The GPU Comparison on AirServerApp allows you to compare over 2378 different graphics card. Our tool allows you to find out every difference between the selected graphic cards. You can compare upto 3 GPUs side by side. Also, we update our database every 3 days!
How to Use GPU Comparison Tool?
This graphics card comparison tool is pretty simple to use and provides a detailed comparison among your desired choices in just a few seconds. All you have to do is:
Choose up to three GPUs of your choice to compare – Step-by-Step Guide
- Enter any of the three top-performing GPUs of your choice in the search bar and click on the “Compare” option.
- Go through the key differences provided in tabular format to understand how they differ from each other in terms of Clock Speed, Memory Speed, Pixel Rate, etc.
- For a more detailed comparison, check out the other sections like performance, features, ports, general info and memory. Compare which one has high RAM and maximum memory bandwidth for faster processing.
- Once you find the right one that fits well with your requirements, check its price and other buying details directly using the “Buy on Amazon” button below its name.
How To Compare GPUs?
Don’t know what all specs and factors you should look for while comparing two or more GPUs to find the right one for your usage? Don’t worry! I have prepared a detailed checklist for you. For GPU vs GPU comparison, always check these specs and factors first!
|Graphics Card Memory Size||Responsible for Graphics Rendering||Higher the better|
|Display Resolution||For better graphics viewing experience||Higher the better|
|Clock Speed||Determines the speed of a processor to render graphics||Higher the better|
|Form Factor||Determines how much space a graphic card would take in a computer/laptop case||Majority of gaming GPUs come in full height with multi-slot. However, Small Form Factor GPUs are ideal for compact or mini PCs.|
|Thermal design Power||Measures heat dissipation and determines how much power GPU is required to process graphics at normal settings||Lower the better|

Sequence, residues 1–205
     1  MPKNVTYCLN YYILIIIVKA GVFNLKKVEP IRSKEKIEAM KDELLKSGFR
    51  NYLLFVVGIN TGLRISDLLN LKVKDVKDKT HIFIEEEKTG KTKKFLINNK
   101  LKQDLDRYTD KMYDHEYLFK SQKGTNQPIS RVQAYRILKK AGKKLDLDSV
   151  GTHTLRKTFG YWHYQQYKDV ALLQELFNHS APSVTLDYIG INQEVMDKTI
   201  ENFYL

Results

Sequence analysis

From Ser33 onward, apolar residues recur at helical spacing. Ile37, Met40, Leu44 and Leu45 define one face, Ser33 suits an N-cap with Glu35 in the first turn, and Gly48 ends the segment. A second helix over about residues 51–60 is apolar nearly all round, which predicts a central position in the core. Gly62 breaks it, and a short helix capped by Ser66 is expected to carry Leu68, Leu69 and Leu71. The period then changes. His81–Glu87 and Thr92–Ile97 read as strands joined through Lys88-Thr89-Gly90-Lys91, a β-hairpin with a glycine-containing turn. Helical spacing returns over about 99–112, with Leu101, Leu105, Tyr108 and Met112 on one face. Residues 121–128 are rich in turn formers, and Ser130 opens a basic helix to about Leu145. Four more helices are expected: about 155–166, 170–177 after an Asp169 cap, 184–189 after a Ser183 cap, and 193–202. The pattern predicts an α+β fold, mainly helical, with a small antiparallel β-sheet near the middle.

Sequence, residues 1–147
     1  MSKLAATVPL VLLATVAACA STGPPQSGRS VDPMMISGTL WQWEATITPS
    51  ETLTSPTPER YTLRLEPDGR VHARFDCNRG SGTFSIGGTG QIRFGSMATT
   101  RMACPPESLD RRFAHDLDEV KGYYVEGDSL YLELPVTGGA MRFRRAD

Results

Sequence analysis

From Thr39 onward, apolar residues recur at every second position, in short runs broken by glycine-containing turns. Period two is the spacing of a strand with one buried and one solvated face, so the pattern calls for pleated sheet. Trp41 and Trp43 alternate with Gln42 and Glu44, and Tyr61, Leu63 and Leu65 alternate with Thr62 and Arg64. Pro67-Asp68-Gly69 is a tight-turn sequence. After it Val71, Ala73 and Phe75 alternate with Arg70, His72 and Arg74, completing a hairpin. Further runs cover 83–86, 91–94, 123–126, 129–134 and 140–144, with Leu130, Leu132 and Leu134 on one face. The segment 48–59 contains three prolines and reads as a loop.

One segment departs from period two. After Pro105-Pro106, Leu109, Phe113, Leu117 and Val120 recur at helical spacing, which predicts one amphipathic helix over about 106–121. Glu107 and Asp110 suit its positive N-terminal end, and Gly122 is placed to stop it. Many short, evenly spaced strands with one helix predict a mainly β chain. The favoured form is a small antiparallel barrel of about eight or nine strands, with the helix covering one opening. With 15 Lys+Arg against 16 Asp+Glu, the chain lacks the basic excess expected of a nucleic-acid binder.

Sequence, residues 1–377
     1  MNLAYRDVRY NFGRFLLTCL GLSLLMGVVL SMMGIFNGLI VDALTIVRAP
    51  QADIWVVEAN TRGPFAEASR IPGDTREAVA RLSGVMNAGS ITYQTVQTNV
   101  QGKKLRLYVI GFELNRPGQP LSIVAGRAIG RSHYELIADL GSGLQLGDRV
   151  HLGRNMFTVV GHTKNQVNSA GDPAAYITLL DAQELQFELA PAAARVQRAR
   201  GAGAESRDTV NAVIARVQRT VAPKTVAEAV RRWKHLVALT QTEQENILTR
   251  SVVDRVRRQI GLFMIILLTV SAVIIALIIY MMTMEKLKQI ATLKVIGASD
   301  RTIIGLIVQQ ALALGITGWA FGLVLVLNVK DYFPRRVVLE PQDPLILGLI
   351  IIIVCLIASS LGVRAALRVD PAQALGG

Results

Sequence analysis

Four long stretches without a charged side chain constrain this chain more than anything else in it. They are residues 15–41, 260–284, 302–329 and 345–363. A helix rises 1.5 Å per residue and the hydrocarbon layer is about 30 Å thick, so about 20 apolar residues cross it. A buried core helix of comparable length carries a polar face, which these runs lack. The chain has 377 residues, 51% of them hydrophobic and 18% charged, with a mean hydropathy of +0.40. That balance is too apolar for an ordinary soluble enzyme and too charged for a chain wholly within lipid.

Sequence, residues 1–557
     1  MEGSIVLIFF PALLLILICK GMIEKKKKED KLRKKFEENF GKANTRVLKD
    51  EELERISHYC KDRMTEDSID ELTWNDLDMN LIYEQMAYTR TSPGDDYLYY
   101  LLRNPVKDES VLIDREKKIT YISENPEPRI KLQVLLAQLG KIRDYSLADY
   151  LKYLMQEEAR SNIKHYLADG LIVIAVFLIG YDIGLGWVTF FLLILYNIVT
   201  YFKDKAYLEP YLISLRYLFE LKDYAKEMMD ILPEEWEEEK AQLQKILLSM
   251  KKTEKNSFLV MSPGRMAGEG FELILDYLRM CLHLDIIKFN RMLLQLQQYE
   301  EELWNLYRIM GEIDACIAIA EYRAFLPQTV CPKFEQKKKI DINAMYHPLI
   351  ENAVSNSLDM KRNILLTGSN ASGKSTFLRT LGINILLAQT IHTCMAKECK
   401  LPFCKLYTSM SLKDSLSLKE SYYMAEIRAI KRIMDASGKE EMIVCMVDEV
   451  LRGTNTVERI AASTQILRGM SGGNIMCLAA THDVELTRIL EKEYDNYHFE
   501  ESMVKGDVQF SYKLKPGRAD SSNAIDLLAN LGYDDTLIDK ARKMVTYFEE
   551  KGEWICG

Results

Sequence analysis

|Power Connectors||Requires for some high-end Multi-GPU setup for external power||High-end graphic cards require more power connectors|
|CUDA Cores / Stream Processors||Responsible for great performance of GPU for some specific tasks||Higher the better|
|Ports||Determines which and how many displays you can connect to the graphic card||Higher the better|
|Memory Speed/Bandwidth||Decides how fast GPU can transfer data to computational cores||Higher the better|
|Ray Tracing||Responsible for producing realistic lightning effects in visuals and games||NA|
|TFLOPS/GFLOPS||Represents how fast a GPU chip is||Higher the better|
Crucial Specs You Should Compare
Graphic Cards Memory Size
Range: 1-12 GB
To render graphics of images or videos effectively, every graphic card requires some memory, which is also called its video RAM (vRAM). On integrated GPUs, this memory is shared with the CPU; thus, the total available memory is used for graphics rendering tasks. However, in discrete GPUs, a separate memory comes for rendering tasks.
So, memory space is the crucial spec for GPU size comparison. The higher the memory GPU has, the higher quality of graphics it processes. While for general use, 2GB vRAM is adequate, for gamers and designers, 4-6GB vRAM does the justice. However, some high-end games like CyberPunk 2077 require 8GB of VRAM at 1080p or 4K resolution for fine texture details.
Range: 1080p, 1440p, 4K UHD
Your monitor’s screen resolution determines how powerful a graphics card you need for a high-quality viewing experience.
Especially if your main requirement is gaming and you want to play games at 4K resolution, you need a high-end graphics card like Nvidia RTX 3080 that can process high or mid-range titles at 30-60 FPS at 4k resolution. However, to run titles or videos at 1080p resolution, even a mid-range graphics card is enough.
So, as a rule of thumb, the higher the display resolution is, the higher the quality of the graphics card you will need for a better viewing experience.
Range: 1-14,000 MHz
Just like the CPU’s clock speed, the clock speed of the GPU determines how fast its cores can process graphics in a cycle. So, the more the clock speed, the faster will be the graphics processing by GPU. It is measured in Megahertz (MHz) and affects the FPS (frames per second) rate.